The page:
[00:52:03] Wole Talabi: But it really struck me and stuck with me as like, that's something I could do, right? Like it was a big formative part of my inspiration. So yeah, probably those three. And then if so many people have helped me along the way as well. People like Jeff Ryman, I mentioned CC Finlay with his feedback. Other authors that are not even in speculative fiction, but yeah, I'll stop there.
[00:52:26] Wole Talabi: So I don't, I don't keep going on it indefinitely.
[00:52:29] Halfling: Uh, well, that's, that, that's fair. I mean, I think, I think most writers probably have a lot of people that they draw inspiration from. So, so you're, I don't think you're unusual in that boat.
[00:52:44] Spaceman: Leading into that we talked about people who've inspired you. What advice do you have for people that are starting out that you know, things you might have wish you had known when you started that you could share with aspiring folks who really want to get started?
[00:52:59] Wole Talabi: Okay. Um, I get, I get I, I get asked this question a lot and I almost never know what to respond but, or how to respond, but things I wish I had known. The word rejection doesn't mean what you think it means. Because as a young author, when you submit a story somewhere and you get a rejection, the natural instinct is to think, oh, my story wasn't good enough. That's the reason it was rejected. And it's not always that a lot of the time editors reject stories because maybe they already have similar stories and they don't want too much of the same thing. They want some variety. Or sometimes the story is out of their budget.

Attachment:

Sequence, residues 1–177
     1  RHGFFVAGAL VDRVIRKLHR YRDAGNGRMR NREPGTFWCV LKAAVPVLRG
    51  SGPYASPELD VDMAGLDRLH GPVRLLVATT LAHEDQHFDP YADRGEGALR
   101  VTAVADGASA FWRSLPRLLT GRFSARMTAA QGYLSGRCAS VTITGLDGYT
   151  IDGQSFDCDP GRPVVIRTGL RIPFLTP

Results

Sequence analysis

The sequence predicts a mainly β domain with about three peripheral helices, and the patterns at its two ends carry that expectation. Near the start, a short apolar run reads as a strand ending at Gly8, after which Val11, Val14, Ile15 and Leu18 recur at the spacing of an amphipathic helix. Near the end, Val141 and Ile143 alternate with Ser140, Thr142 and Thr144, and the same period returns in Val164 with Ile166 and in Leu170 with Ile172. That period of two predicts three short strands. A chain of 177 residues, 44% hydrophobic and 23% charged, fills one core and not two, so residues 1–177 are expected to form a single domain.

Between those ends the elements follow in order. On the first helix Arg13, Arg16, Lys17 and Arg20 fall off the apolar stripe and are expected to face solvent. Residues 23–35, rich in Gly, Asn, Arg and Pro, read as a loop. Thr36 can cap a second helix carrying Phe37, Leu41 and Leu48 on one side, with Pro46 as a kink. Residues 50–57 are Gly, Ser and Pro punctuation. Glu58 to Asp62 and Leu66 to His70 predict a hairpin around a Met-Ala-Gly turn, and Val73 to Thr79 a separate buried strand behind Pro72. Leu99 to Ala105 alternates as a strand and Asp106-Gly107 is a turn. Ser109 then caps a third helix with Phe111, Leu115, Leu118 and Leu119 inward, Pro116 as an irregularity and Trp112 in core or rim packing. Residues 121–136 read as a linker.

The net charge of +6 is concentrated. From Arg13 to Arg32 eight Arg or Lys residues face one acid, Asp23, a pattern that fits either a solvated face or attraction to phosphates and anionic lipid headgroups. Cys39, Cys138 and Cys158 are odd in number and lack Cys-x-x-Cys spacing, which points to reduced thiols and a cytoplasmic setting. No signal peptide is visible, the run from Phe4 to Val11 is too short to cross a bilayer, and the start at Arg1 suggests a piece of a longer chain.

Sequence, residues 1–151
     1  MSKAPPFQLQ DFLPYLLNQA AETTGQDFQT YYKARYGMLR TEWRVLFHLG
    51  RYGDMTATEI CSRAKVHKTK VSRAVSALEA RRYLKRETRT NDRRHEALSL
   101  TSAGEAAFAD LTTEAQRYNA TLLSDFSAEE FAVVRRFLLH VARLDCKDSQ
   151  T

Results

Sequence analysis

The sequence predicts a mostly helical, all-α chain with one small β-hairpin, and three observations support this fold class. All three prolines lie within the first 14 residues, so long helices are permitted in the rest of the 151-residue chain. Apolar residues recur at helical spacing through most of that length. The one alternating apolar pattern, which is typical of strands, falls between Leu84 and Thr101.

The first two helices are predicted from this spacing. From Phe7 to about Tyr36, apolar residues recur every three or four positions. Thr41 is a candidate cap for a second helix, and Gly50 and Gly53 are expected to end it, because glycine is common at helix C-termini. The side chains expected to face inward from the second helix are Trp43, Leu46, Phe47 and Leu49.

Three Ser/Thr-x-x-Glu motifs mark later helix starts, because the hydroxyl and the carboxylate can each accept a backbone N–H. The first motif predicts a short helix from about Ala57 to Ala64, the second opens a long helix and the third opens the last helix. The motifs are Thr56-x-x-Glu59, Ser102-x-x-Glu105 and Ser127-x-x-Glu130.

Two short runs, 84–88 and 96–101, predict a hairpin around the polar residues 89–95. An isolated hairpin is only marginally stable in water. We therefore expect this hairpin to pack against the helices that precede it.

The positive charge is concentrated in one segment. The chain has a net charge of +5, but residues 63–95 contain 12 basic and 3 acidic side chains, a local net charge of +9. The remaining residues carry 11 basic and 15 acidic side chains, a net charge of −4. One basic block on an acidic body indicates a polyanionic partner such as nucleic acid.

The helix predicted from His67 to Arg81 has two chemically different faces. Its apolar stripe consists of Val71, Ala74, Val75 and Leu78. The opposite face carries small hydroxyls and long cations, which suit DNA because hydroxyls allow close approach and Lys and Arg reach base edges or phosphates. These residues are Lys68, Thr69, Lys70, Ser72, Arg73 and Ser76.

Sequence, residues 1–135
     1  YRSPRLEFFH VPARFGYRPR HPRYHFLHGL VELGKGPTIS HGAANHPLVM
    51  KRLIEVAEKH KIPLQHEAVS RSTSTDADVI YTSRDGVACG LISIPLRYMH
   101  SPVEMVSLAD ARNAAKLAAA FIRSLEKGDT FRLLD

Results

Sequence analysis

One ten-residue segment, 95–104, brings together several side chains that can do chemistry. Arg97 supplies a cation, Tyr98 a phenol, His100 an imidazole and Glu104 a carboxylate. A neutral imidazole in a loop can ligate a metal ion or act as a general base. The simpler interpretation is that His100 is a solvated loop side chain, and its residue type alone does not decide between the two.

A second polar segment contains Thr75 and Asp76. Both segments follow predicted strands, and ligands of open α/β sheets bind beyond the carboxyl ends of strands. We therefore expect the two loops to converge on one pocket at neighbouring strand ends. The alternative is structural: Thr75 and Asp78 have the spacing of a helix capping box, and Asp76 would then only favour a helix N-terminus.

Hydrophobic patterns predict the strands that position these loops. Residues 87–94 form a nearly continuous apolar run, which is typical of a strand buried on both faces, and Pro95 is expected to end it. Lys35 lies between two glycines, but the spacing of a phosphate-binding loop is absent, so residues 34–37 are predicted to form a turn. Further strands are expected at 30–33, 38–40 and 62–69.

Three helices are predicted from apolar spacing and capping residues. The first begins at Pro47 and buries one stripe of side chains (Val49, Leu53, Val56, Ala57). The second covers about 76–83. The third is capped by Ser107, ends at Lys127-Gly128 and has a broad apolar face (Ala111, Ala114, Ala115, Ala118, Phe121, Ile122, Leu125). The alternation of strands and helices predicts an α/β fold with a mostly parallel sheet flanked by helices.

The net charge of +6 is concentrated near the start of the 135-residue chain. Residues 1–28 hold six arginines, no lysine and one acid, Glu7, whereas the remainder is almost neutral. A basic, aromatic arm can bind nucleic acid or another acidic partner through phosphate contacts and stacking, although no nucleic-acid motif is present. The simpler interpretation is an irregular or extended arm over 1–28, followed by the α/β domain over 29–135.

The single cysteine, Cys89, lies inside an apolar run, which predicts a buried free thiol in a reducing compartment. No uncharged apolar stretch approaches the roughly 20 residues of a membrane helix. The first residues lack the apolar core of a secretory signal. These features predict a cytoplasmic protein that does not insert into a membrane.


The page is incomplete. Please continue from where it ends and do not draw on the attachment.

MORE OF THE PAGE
[00:53:42] Wole Talabi: Maybe they've already accepted five long stories for the next, you know, six issues and they really just need something short because they pay by word count. So they can't take a longer story right now, they're going to take a shorter one because they have a budget and there's a million other reasons, right?
[00:54:01] Wole Talabi: Maybe they received six stories about AI this month and they're all similar, so they kind of just needed to pick the one that was the best. It doesn't mean the others were not good, they just picked the best one. So there's so many reasons why stories get rejected. That. I think as a young author, my advice would be don't take rejections personally.
[00:54:21] Wole Talabi: There's so many reasons. It doesn't always mean that your story wasn't good enough. It could be, but you don't know unless they tell you. If they give you some feedback, yeah, they tell you what worked, what they work, um, but you don't know. So all you do is just keep writing, keep submitting. Don't let rejections discourage you because they don't always mean what you think they mean.